Search results for " bike lanes"
Consistently ranked as one of the most bike friendly cities in the United States, San Francisco—where over 3 percent of the population commutes by bicycle—has its sights aimed high. The long-term bicycle plan put into effect five years ago—officially dubbed the 2009 San Francisco Bicycle Plan––has lofty aims to increase bike ridership to 20 percent by 2020 through a series of projects. As of this year, 87 percent of the projects, or 52 out of the 60 projects in the 2009 plan, are complete.
This past year the Bay Area Bike Share opened, and other initiatives will soon see the light of day. A long-term goal includes adding over 30 miles of bike lanes to the more than 45 miles that currently exist in the city. Officials want to make cycling safer and more appealing to everyone. “We are focusing on better connecting the bike network. We don’t want a fragmented approach,” said San Francisco Municipal Transportation Agency (SFMTA) spokesperson, Ben Jose.
Opened last year, the Bay Area Bike Share (BABS) now has 3,000 annual members and 28,000 casual riders (those with one or three day passes). There are 350 bikes and 35 stations in San Francisco, with another 400 bikes and 35 stations in nearby cities including Palo Alto, San Jose, Mountain View, and Redwood City. The bikes and stations are operated by Alta Bicycle Share, and received $11 million in public funding.
Plans to expand are being put on hold. When the bike-share opened, the original plan was to push out 1,000 bikes across the bay and 50 stations in San Francisco within the first year. But completing this phase—distributing an additional 300 more bikes to the five Bay Area cities and 15 more stations in San Francisco—could take up to two more years. Alta Bicycle Share is changing ownership, and the companies providing the hardware and software for the bikes have filed for bankruptcy. The city wants to add 3,000 more bikes, but this would depend on securing an additional $25 million through sponsorships.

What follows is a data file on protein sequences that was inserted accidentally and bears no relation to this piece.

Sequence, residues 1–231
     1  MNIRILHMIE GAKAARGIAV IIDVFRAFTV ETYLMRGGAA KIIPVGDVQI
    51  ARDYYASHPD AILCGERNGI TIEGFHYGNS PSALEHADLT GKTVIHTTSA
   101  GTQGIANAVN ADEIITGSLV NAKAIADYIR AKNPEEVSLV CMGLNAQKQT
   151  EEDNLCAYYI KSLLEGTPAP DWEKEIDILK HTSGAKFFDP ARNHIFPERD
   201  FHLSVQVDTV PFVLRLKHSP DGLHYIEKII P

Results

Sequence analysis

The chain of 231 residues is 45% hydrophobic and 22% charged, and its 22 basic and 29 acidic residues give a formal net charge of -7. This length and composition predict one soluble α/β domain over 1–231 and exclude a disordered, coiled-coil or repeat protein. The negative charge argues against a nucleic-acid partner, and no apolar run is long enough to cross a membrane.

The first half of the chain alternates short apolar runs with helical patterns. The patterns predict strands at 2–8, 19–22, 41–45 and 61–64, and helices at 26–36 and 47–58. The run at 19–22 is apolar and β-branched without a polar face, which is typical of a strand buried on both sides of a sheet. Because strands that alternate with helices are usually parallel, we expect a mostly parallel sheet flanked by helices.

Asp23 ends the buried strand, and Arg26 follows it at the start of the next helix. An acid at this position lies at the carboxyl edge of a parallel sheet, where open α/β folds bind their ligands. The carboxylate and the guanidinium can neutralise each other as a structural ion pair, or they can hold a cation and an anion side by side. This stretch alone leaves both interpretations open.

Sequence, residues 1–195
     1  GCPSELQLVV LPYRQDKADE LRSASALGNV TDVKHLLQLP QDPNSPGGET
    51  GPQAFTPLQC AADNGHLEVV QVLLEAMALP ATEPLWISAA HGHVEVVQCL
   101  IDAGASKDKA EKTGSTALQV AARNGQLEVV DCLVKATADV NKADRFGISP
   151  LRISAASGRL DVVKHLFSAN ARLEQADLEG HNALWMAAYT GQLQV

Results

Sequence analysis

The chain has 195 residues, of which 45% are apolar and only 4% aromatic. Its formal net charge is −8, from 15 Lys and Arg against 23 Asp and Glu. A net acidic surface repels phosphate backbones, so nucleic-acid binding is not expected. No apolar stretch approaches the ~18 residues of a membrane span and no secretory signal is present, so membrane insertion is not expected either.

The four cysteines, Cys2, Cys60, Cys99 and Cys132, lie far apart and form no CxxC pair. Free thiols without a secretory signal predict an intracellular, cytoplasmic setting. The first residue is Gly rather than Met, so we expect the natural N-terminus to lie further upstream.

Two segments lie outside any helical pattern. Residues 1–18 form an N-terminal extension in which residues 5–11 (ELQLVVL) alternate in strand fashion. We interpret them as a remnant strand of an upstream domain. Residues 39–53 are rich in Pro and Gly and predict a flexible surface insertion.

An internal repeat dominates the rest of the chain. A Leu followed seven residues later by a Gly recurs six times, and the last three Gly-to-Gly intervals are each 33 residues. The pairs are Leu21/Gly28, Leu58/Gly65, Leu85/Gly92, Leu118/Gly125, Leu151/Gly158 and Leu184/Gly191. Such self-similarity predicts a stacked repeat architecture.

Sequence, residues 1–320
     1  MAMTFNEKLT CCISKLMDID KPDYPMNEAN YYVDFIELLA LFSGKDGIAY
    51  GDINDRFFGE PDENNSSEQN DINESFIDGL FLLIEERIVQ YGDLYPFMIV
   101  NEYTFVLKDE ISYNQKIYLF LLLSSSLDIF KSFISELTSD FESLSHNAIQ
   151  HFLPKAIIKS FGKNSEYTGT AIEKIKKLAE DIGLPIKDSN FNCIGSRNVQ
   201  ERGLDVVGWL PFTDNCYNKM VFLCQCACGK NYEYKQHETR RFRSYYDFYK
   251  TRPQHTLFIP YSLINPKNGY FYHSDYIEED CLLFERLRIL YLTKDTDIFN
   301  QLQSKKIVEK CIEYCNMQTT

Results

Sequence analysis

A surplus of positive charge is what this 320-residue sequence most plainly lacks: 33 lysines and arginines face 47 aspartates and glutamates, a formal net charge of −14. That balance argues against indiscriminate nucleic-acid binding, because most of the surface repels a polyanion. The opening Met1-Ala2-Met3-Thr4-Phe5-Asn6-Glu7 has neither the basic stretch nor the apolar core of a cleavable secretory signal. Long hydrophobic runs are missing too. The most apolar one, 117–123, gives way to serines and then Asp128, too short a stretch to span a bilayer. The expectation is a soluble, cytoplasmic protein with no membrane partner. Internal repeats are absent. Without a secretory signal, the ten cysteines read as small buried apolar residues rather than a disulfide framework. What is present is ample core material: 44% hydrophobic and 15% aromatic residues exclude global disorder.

In an area that has become filled with coffee shops, cafes, and parklets, a portion of Valencia Street will get the first raised bikeway in the city (pictured, left). In an effort to improve north/south access, it will upgrade the southbound existing bike lane on a portion of Valencia Street, between Duncan and Caesar Chavez streets. The bikeway will lie in between the pedestrian sidewalk and the road.
This effort is part of the Green Infrastructures and the Mission & Valencia Gateway Projects, helmed by the San Francisco Municipal Transportation Agency and the San Francisco Public Utility Commission. Along with the new bikeway, the project will also widen sidewalks, build two greened plazas, and install permeable pavement and rain gardens to help capture stormwater. Construction is expected to be complete by mid 2016.